I grew up in the 80s, in the wake of the Adam Walsh abduction, which may have single-handedly kicked off the whole “stranger danger” campaign to keep kids safe from kidnapping. He was born the same year I was, and his abduction from a Sears department store and subsequent murder hit close to home for my family, and it instilled a chilling fear in the parents of my generation.
Although Adam Walsh’s killer was never charged, it was believed to have been the act of a serial killer. It was one of the first widely publicized cases of its kind, and it freaked our parents right out!
Their fear led to a more conservative kind of parenting, and that was a good thing, but in actuality, those kinds of kidnappings — the kind that involve a stranger who either kills, ransoms or intends to keep the child permanently — are pretty rare. Out of 800,000 missing children under the age of 18, only 115 were that kind.
But there’s a relatively newer danger out there that is not as rare. According to the Internet Crimes Against Children Task Forces, there was a 1,000 percent increase in the number of documented complaints of child sex trafficking from 2004 to 2008.
And in the U.S., sex trafficking accounts for the largest percentage of human trafficking cases. Approximately 200,000 U.S. kids per year are at risk of being trafficked for prostitution and/or child pornography. When you want to get rid of your porn addiction resulting to this, go to pornographyaddiction.com now to learn more.
Sex trafficking occurs when people are forced or coerced into the commercial sex trade against their will. Child sex trafficking includes any child involved in commercial sex.
Surprising Truths about Child Sex Trafficking in the U.S.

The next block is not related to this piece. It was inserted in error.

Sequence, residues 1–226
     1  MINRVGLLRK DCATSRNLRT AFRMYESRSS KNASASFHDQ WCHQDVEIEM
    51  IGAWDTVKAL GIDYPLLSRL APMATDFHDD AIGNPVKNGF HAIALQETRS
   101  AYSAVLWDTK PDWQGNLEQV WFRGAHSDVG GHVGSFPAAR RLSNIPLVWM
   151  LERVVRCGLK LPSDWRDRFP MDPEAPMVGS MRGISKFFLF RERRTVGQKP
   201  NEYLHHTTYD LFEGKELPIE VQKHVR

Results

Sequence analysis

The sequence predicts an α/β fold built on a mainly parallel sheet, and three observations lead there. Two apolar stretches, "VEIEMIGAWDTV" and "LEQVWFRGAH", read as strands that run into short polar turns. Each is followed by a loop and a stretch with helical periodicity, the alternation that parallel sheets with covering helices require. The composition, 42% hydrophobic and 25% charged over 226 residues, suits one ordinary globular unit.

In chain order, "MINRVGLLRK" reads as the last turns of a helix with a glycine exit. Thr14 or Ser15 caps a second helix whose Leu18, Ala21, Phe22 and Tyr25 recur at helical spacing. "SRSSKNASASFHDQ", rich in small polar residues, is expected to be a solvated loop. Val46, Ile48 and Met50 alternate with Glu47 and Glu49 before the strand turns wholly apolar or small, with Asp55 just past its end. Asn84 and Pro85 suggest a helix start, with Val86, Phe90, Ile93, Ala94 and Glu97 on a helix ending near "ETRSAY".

1. Boys make up 50% of the sex trafficked victims in the U.S.
Kids under 18 are sold into sex slavery as young as seven years old, and about half of all those trafficked for sex are boys.
2. Traffickers may go to great lengths to recruit victims
While illegal drugs and fire arms can only be sold once, sex slaves can be sold again and again, and traffickers are often willing to invest time and money in recruiting a victim who can potentially bring in large revenue streams.
Stop by on Friday. We’ll talk more about how some of the traffickers lure their victims, and what we can do to protect our kids.
3. Some children are sold into the sex trade by their parents or guardians
If you’re reading this post, it’s because you love the snot out of your kids, and you are deliberate about protecting them. I know its hard to imagine, but there are some parents who are so caught up in their own addictions or tormented by their own demons that they’re willing to sell their own children.
A few years ago, we heard of a case not too far from where we live in which a woman told her daughter to invite over a friend. This mom offered to take pictures of the girls that they could post on social media (what teen girl doesn’t like a fun photo shoot?), but she then posted the pictures of the friend on a site frequented by traffickers.
Once she made the sale, she arranged for the girl to come over again, and the girl was sold into the sex trade.